Gem5 Basic Guideline

All contents original from

This article is just a backup incase myself later using.

Gem5 Installation

step 1: install prerequisites

for Ubuntu

$ sudo apt-get update
$ sudo apt-get upgrade
$ sudo apt-get install -y git build-essential g++ zlib1g-dev scons m4 swig python-dev

step 2: Download & Build


$ cd ~
~$ git clone


  • Command: $ scons build//
  • Supported ISA: ARM, ALPHA, MIPS, SPARC, POWER, X86
  • Supported Binaries: gem5.debug, gem5.opt,,

This is a example for ARM architecture

$ cd ~/gem5
~/gem5$ scons build/ARM/gem5.opt

step 3: Run benchmark

  • Command: $ build// -c
  • Outputs are generated in m5out/

This is example for building gem5 for ARM ISA

$ cd ~
~$ git clone

All simulation statistics are saved as file m5out/stats.txt

Simulation Process

  1. Get benchmark to simulate
  2. Do simulation
  3. Analyze simulation statistics

STEP1: Get Benchmark

You can get benchmark by:

  • Making your own benchmark yourself
  • Download binary
  • Download source code & build binary

In our case, we will download MiBench, then cross-compile to get benchmark.

Download MiBench

$ git clone

Install Cross-compiler

$ sudo apt-get install gcc-arm-linux-gnueabi

Cross-compile to build binary

Initially, you can see Makefile in directory ‘mibench/automotive/qsort‘ looks like:

gcc -static qsort_large.c -O3 -o qsort_large -lm 

Replace allgcc‘ to ‘arm-linux-gnueabi-gcc‘, so the Makefile looks like:

arm-linux-gnueabi-gcc -static qsort_large.c -O3 -o qsort_large -lm 

To build, execute

$ make

NOTE When you cross-compile, you must use ‘-static‘ option. If there is no ‘-static‘ option in Makefile, you have to insert it.
For example, if your Makefile looks like:

arm-linux-gnueabi-gcc qsort_large.c -O3 -o qsort_large -lm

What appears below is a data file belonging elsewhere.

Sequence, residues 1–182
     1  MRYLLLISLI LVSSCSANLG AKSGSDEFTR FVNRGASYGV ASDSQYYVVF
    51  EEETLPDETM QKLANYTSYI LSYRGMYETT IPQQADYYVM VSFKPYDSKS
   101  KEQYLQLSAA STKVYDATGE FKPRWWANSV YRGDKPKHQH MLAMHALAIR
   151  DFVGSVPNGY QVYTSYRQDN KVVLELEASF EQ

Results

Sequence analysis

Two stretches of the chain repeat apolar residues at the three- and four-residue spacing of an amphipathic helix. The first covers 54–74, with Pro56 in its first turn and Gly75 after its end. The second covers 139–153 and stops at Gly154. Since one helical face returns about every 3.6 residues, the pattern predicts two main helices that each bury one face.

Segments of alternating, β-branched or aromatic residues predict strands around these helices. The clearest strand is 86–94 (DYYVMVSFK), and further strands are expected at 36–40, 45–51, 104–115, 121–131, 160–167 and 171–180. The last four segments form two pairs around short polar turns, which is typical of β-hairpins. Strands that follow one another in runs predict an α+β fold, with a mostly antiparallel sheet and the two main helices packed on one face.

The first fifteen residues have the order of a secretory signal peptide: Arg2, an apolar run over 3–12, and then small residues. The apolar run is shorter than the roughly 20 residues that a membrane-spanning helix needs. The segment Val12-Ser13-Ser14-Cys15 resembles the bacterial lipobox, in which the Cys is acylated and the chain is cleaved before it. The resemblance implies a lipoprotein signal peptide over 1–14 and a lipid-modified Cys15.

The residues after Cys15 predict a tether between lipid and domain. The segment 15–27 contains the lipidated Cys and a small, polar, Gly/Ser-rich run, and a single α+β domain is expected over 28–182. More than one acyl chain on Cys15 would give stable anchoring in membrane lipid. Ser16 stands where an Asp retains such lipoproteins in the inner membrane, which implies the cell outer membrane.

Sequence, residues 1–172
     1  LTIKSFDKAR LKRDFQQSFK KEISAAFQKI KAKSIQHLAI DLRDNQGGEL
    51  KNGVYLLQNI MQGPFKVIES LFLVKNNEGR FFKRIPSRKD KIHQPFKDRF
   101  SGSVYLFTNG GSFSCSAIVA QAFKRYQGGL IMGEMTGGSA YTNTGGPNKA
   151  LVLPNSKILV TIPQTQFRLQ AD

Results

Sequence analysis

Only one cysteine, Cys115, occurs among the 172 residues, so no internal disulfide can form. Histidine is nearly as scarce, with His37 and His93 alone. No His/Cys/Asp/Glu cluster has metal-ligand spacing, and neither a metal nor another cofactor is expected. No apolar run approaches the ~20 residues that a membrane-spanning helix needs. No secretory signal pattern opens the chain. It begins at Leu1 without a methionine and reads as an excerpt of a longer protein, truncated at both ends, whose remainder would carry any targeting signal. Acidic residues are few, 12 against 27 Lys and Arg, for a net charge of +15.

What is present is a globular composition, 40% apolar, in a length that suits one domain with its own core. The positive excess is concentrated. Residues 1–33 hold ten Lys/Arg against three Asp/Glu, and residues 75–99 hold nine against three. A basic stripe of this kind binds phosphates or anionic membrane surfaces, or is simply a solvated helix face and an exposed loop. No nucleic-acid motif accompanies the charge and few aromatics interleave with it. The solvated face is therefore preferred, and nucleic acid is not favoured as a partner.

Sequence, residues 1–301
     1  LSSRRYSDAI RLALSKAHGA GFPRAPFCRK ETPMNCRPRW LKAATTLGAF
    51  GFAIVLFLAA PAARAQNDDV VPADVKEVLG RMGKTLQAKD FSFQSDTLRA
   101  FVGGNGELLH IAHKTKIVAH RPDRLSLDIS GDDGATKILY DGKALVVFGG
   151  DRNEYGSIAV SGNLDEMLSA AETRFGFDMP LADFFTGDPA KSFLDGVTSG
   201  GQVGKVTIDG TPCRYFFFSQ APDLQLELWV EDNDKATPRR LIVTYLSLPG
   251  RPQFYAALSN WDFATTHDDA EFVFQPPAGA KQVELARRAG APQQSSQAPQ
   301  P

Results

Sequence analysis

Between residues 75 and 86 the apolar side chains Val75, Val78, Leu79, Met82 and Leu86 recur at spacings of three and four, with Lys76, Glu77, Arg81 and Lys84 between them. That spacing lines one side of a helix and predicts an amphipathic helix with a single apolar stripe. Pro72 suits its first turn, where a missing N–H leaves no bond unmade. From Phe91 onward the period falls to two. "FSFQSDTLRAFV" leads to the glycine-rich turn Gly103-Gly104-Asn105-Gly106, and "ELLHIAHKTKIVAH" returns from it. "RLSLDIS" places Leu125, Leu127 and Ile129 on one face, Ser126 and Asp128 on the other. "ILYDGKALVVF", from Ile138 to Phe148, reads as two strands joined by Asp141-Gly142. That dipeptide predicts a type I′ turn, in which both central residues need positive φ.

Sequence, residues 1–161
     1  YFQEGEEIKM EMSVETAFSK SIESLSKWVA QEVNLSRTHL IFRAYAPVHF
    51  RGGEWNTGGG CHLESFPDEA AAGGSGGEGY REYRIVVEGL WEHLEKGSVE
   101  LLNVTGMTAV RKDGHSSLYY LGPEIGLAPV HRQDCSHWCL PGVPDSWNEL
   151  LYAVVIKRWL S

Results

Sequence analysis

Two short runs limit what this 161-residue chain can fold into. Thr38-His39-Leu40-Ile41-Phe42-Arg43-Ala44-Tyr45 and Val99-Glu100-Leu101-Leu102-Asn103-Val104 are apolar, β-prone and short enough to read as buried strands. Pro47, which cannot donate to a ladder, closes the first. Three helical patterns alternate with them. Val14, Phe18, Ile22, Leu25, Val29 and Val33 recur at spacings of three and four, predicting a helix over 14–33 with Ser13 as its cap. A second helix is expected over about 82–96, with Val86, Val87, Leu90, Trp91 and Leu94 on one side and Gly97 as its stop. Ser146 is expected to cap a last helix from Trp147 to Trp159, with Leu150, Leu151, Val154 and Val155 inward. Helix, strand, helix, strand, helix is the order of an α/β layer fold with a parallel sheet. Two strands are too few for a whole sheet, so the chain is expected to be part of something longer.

You have to insert ‘-static‘ option. Then, Makefile will look like:

arm-linux-gnueabi-gcc -static qsort_large.c -O3 -o qsort_large -lm 

STEP2: Perform Simulation

$ <gem5 binary> [gem5 options] <gem5 script> [gem5 script options]

Useful gem5 script options

  • ‘-c <binary to simulate>’
  • ‘-o <input set of benchmark>’

For example, if you want to simulate qsort_large,

$ ./build/ARM/gem5.opt -re configs/example/ --cpu-type=atomic -c <path to qsort_large> -o <path to input_large.dat>

If you want to put multiple input to binary, you have to use quotation marks(“) and white spaces.
For example, if your fft binary is in ~/mibench/telecom/FFT,

$ ./build/ARM/gem5.opt -re configs/example/ --cpu-type=timing -c ~/mibench/telecom/FFT/fft -o "100 64"

STEP3: Analyzing Simulation Statistics

Find difference between two files with diff

The diff is a program in linux.
The diff compares two files, line by line.
You can use diff by executing: $ diff [options] <file1> <file2>

For example, clone this repository and execute:

$ diff goodbye1.txt goodbye2.txt

If you use ‘-u‘ option like this:

$ diff -u goodbye1.txt goodbye2.txt

Redirection may make you happy! Try this:

$ diff -u goodbye1.txt goodbye2.txt > goodbye.diff

You can see the file goodbye.diff.


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